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Freedom to Tinker



Research and expert commentary on digital technologies in public life



Last Build Date: Fri, 19 Jan 2018 15:57:57 +0000

 



Automating Inequality: Virginia Eubanks Book Launch at Data & Society

Thu, 18 Jan 2018 22:18:14 +0000

What does it mean for public sector actors to implement algorithms to make public services to be more efficient? How are these systems experienced by the families and people who face the consequences? Speaking at the Data and Society Institute today is Virginia Eubanks, author of the new book Automating Inequality: How High-Tech Tools Profile, […]



Website operators are in the dark about privacy violations by third-party scripts

Fri, 12 Jan 2018 13:49:23 +0000

by Steven Englehardt, Gunes Acar, and Arvind Narayanan. Recently we revealed that “session replay” scripts on websites record everything you do, like someone looking over your shoulder, and send it to third-party servers. This en-masse data exfiltration inevitably scoops up sensitive, personal information — in real time, as you type it. We released the data […]



Roundup: My First Semester as a Post-Doc at Princeton

Thu, 11 Jan 2018 17:21:26 +0000

As Princeton thaws from under last week’s snow hurricane, I’m taking a moment to reflect on my first four months in the place I now call home. This roundup post shares highlights from my first semester as a post-doc in Psychology, CITP, and Sociology. So far, I have had an amazing experience: The Paluck Lab […]



Singularity Skepticism 4: The Value of Avoiding Errors

Wed, 10 Jan 2018 12:56:57 +0000

[This is the fourth in a series of posts. The other posts in the series are here: 1 2 3.] In the previous post, we did a deep dive into chess ratings, as an example of a system to measure a certain type of intelligence. One of the takeaways was that the process of numerically […]



Singularity Skepticism 3: How to Measure AI Performance

Mon, 08 Jan 2018 12:28:36 +0000

[This is the third post in a series. The other posts are here: 1 2 4] On Thursday I wrote about progress in computer chess, and how a graph of Elo rating (which I called the natural measure of playing skill) versus time showed remarkably consistent linear improvement over several decades. I used this to argue […]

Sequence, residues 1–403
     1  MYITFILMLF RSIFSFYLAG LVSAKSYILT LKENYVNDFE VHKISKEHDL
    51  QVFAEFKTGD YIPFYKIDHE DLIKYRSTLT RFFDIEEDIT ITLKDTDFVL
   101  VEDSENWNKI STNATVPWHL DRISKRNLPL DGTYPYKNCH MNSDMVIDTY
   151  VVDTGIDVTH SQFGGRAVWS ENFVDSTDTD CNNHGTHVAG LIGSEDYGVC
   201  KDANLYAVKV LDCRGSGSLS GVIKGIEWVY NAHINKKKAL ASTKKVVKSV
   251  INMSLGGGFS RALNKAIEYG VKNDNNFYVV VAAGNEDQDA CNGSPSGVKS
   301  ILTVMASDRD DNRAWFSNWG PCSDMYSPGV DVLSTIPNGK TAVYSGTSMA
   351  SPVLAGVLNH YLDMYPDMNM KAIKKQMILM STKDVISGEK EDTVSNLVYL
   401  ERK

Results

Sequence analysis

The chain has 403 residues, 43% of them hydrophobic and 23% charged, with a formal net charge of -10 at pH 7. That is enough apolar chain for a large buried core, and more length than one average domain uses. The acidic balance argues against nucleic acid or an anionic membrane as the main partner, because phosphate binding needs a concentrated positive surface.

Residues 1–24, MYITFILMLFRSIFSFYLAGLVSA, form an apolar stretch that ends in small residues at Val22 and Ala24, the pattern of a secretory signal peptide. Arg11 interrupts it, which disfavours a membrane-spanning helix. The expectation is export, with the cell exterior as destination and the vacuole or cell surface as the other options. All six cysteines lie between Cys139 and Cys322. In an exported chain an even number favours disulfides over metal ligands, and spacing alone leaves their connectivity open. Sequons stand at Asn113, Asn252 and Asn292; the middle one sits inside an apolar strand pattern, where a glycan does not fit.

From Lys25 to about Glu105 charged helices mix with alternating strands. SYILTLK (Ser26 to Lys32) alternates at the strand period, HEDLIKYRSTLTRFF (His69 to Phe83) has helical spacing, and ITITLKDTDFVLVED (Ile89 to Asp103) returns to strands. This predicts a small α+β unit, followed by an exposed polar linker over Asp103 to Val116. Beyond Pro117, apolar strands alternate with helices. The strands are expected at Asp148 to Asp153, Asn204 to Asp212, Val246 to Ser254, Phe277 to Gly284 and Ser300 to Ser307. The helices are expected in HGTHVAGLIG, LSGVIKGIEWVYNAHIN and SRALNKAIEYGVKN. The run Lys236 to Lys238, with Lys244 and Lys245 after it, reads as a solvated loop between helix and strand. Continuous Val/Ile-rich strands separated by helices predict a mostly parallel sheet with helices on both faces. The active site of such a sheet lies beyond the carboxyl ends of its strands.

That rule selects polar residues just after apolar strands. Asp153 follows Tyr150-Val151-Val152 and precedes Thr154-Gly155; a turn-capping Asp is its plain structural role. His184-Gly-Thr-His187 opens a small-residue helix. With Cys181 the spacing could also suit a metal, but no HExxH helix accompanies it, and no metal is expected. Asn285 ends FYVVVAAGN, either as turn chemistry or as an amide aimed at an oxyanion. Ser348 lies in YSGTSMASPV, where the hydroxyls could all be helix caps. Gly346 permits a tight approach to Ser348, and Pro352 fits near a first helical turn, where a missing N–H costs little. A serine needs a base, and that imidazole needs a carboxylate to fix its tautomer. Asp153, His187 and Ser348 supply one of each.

Singularity Skepticism 2: Why Self-Improvement Isn’t Enough

Thu, 04 Jan 2018 12:30:24 +0000

[This is the second post in a series. The other posts are here: 1 3 4] Yesterday, I wrote about the AI Singularity, and why it won’t be a literal singularity, that is, why the growth rate won’t literally become infinite. So if the Singularity won’t be a literal singularity, what will it be? Recall that […]



Why the Singularity is Not a Singularity

Wed, 03 Jan 2018 11:27:55 +0000

This is the first in a series of posts about the Singularity, that notional future time when machine intelligence explodes in capability, changing human life forever. Like many computer scientists, I’m a Singularity skeptic. In this series I’ll be trying to express the reasons for my skepticism–and workshopping ideas for an essay on the topic […]



No boundaries for user identities: Web trackers exploit browser login managers

Wed, 27 Dec 2017 16:35:08 +0000

In this second installment of the No Boundaries series, we show how a long-known vulnerability in browsers’ built-in password managers is abused by third-party scripts for tracking on more than a thousand sites. by Gunes Acar, Steven Englehardt, and Arvind Narayanan We show how third-party scripts exploit browsers’ built-in login managers (also called password managers) […]


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How have In-Flight Web Page Modification Practices Changed over the Past Ten Years?

Tue, 19 Dec 2017 15:53:02 +0000

When we browse the web, there are many parties and organizations that can see which websites we visit, because they sit on the path between web clients (our computers and mobile devices), and the web servers hosting the sites we request. Most obviously, Internet Service Providers (ISPs) are responsible for transmitting our web traffic, but […]



Why the FCC should prevent ISPs from micromanaging our lives

Tue, 12 Dec 2017 21:37:04 +0000

Why the FCC should prevent ISPs from micromanaging our lives by Brett Frischmann and Evan Selinger* Network neutrality prevents broadband Internet service providers from micromanaging our lives online. Constraining the networks this way enables and even empowers Internet users to be active and productive human beings rather than passive consumers. Unfortunately, the network neutrality debate […]